DONATING embryos for adoption may seem a logical choice for people with leftover embryos, but few choose to do so. Leanna Wolfe, 55, now understands some of the obstacles.
The Los Angeles woman, a professor of anthropology at L.A. Valley College, decided at age 51 that she would try to have a baby. She found both egg and sperm donors among people she knew. Twelve embryos were made, and Wolfe underwent embryo transfers twice, but both cycles failed.
She ultimately decided to abandon her efforts to become a single mother, but she had two embryos left in cryopreservation. She consulted the egg and sperm donors, and the three had several long conversations about what to do with the two embryos that belonged, in some sense, to all three.
"We are all friends," Wolfe says. "Initially, I thought of donating to research. But they encouraged me to try to have them made into babies rather than used for stem cell research. All of us were interested in a baby. To donate to research seemed kind of depressing. The financial and emotional effort that went into this made them seem so valuable."
She had no idea how difficult the donation and adoption process would be.
When embryo adoption became available about 10 years ago, infertility doctors and medical ethicists thought it would help many couples resolve the dilemma of leftover embryos. That doesn't seem to have been the case.
"It's not without problems," says Dr. Richard Paulson, chief of the division of reproductive endocrinology and infertility at USC. "We thought this was going to be a solution. It is not."
In uncertain territory
Donating for adoption is fraught with emotional, legal and health issues, says Lois Uttley, director of the MergerWatch Project, a patients' rights organization based in New York.
"Your child could be raised by another family," she points out. "There could be legal implications down the road and complicated feelings about it."
There are few reports of legal complications emerging from embryo adoption. But it's still new terrain, says Nanette Elster, director of the Health Law Institute at DePaul University College of Law in Chicago.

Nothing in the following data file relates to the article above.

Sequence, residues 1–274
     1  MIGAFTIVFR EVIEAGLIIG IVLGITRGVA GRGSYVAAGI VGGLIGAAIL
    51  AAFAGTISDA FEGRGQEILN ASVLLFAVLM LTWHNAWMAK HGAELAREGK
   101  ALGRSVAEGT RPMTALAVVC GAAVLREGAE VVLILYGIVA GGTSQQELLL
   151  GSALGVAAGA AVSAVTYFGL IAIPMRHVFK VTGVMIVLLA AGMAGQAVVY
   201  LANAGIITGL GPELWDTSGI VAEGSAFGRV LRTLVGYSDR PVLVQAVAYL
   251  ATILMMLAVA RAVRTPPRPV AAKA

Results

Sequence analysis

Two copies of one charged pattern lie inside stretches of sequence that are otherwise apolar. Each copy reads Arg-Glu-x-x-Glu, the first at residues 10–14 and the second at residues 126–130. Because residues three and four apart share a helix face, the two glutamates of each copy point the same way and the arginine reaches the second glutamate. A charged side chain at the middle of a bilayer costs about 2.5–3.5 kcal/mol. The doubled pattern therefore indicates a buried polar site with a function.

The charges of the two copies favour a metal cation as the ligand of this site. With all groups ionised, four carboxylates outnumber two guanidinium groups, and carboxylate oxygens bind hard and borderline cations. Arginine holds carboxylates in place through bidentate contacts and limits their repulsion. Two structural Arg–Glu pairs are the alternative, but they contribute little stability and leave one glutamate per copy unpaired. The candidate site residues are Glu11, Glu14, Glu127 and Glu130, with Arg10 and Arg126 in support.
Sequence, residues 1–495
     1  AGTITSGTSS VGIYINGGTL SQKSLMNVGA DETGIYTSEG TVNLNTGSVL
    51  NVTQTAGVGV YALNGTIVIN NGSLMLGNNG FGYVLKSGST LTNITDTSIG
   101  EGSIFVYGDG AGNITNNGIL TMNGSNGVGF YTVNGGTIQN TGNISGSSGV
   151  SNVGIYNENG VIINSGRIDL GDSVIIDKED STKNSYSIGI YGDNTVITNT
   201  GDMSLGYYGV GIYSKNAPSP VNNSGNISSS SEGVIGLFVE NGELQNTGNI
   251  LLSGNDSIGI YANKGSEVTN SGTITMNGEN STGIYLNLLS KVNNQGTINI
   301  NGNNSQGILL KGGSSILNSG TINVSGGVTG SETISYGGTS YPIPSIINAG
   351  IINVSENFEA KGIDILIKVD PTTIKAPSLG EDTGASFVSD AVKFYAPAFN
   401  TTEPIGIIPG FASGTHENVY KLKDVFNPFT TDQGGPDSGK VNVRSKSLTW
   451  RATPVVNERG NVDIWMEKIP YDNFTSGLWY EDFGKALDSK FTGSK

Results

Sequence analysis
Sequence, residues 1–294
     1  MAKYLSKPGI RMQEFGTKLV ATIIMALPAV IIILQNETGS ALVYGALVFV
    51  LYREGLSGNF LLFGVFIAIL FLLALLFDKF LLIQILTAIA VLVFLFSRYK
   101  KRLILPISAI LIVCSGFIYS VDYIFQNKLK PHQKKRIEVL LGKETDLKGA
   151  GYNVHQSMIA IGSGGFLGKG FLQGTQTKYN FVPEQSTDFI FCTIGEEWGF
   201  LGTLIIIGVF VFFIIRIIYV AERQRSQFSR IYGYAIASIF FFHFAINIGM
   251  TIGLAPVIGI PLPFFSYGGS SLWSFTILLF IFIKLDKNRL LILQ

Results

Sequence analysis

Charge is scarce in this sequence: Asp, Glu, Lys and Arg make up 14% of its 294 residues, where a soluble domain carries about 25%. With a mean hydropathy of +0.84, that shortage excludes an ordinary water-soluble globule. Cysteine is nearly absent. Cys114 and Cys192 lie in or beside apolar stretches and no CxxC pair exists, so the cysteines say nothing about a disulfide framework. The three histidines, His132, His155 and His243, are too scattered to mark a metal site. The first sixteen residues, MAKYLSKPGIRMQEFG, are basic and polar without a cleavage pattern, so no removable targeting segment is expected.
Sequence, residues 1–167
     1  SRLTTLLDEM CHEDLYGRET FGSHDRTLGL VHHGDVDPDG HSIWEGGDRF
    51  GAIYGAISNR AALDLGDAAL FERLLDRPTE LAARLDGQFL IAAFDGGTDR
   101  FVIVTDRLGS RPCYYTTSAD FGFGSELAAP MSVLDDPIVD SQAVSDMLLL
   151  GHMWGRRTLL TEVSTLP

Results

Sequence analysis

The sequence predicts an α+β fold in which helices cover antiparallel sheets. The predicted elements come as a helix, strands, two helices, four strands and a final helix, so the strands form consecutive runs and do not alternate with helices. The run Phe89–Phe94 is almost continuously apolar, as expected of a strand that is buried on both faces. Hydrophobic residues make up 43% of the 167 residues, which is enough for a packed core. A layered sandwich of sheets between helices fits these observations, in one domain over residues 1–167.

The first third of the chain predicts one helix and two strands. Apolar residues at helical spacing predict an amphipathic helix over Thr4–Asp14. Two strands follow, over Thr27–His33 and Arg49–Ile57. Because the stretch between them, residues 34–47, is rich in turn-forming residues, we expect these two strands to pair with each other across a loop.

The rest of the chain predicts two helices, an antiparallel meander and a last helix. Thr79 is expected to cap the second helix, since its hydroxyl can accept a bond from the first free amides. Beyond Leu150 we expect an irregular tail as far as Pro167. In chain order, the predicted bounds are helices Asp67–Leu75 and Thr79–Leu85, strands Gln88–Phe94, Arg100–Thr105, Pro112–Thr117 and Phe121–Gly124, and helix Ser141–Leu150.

"The option to donate to others is something that poses its own risks legally," she says. "The risk is that the adoption laws we have in place don't necessarily apply."
In most states, embryo adoption falls under laws governing the transfer of property. But this is an unsettled area of law, Elster says.
For example, donated embryos brought to term by another couple are still full genetic siblings of the donor couple's children. "If they are aware of that, what kind of relations should they have? What about inheritance rights?" she says.
Only a handful of states have enacted laws specifically governing the fate of embryos, she says. California doesn't have laws specific to embryo adoption. In Louisiana, however, the law states that the embryo is defined as a person and that disputes involving the embryo must be resolved in the embryo's best interests. Oklahoma law requires doctors to file written consents from the donors and recipients with an adoption court, and in Texas, the law states that a donor is not considered a parent.
Couples who wish to donate to another couple also must verify through medical tests, according to federal health and safety laws, that their embryos are viable -- in other words, have a reasonable chance of producing a baby -- and that they are free of any genetic and communicable diseases.
Those who have used donor eggs or sperm to create embryos face extra hurdles should they wish to donate the resulting embryos to another person. Federal health law requires that gamete donors undergo blood tests for potentially communicable diseases before the donation.
Wolfe's egg and sperm donors completed those safety requirements. But Wolfe rejected using an embryo adoption service because many of those centers have restrictive criteria about who can adopt an embryo, such as requiring that the parents be married heterosexuals. Instead, she set about trying to find a potential parent for embryos via the Internet.
After three years and negotiations with five women, Wolfe has found one who is considering adopting the embryos and who would honor Wolfe's request to be a godmother if a child is born.
"I thought the moment I put them up for adoption, they would be snapped up in a second and everyone would be so happy and relieved," Wolfe said. "I had no idea it would be so complicated."